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Google Chrome to Allow Users to Add Notes to Saved Passwords

Google Chrome to Allow Users to Add Notes to Saved Passwords

Google is testing a new Chrome feature that allows users to add notes on passwords saved in the web browser.

The new feature was spotted by a Reddit user (u/Leopeva64-2) on Google Chrome Canary (version 101), which is an experimental future version three releases away from the stable branch, currently at version 98.

This feature will allow users to edit an existing saved password to add additional information, such as email addresses associated with the account, security questions/answers, or other information that may be required when logging in or using the site.

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Password notes on Chrome Canary
Password notes on Chrome Canary
Source: Reddit | u/Leopeva64-2

Google is currently testing this feature with a subset of users as it is not appearing in all browsers tested by BleepingComputer.

Convenience over security?

There are many valid reasons to use this feature, but at this point, it’s unclear how well-protected these notes will be.

Information-stealing malware like RedLine already can steal Chrome’s password databases, so if the notes are bundled with them, they will be vulnerable too.

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For those who enter risky information directly associated with the password, the new feature will potentially increase the risk of having their accounts compromised.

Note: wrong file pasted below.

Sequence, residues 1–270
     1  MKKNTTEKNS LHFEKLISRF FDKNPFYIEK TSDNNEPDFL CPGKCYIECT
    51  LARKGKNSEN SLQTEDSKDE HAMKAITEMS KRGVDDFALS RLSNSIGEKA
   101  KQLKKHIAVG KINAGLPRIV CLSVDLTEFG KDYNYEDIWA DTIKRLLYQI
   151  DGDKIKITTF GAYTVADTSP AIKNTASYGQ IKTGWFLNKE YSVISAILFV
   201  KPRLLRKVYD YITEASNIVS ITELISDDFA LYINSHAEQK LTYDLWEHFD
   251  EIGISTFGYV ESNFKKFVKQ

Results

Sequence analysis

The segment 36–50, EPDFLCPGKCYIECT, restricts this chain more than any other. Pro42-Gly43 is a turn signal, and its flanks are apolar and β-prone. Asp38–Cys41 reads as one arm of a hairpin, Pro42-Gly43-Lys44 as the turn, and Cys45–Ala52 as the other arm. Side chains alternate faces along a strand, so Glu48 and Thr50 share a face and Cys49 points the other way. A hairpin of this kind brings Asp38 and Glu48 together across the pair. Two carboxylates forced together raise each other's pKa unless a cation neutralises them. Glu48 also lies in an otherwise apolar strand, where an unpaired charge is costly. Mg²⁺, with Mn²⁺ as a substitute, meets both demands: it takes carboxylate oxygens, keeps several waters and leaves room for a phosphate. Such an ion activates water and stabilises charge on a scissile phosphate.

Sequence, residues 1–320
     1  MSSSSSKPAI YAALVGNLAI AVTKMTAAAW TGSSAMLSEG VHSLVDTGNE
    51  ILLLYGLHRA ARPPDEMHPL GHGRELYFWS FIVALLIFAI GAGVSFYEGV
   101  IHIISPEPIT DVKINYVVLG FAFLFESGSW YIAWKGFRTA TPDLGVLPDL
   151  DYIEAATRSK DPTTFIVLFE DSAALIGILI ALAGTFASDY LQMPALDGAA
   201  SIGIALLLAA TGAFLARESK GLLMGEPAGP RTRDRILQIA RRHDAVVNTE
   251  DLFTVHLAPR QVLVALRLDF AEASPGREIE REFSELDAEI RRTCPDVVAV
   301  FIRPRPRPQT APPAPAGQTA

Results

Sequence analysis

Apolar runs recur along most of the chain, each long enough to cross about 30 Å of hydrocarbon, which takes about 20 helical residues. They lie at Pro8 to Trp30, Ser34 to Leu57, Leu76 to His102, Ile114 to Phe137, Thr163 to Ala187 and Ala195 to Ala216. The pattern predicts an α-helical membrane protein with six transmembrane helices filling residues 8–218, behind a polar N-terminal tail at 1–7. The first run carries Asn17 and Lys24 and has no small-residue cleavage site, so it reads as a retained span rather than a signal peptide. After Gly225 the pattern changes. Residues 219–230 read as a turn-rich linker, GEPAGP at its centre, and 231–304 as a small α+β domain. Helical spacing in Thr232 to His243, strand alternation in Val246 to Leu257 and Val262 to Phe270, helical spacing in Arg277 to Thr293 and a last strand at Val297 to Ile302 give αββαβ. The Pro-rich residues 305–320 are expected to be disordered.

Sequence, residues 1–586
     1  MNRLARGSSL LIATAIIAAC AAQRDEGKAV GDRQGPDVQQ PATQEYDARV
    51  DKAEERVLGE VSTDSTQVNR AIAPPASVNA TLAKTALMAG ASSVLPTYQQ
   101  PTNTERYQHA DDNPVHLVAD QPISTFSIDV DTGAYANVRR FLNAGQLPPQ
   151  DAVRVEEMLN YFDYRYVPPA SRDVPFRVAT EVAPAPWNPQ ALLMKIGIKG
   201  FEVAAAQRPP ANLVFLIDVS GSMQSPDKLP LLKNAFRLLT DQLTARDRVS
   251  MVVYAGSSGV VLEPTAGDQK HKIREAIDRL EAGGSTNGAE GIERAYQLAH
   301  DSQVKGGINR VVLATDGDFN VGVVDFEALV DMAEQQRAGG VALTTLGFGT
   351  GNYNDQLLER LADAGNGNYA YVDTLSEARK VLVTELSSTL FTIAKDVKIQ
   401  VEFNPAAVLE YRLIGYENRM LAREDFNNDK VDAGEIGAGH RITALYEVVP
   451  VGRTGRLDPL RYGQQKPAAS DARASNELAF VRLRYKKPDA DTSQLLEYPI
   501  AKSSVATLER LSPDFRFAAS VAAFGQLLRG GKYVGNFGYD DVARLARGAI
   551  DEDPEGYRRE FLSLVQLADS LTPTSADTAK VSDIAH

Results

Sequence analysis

Even if an infostealer grabs the list of passwords stored in Chrome, it will not help them bypass multi-factor authentication that users may have configured on their account.

However, if a user saves MFA backup codes or other sensitive information in the notes field, it could allow a threat actor increased access to accounts.

If you absolutely need to store notes on your browser, most password managers offer this option in conjunction with strong encryption and secret vault protection, so this may be a more secure way to do it.

If you’re interested in testing this feature on Chrome Canary, note that its roll-out is staged, so you may still not see it even on version 101.

We have reached out to Google to ask for more details on the new feature, its release date, and the security layer that will protect it, and we will update this post as soon as we hear back.



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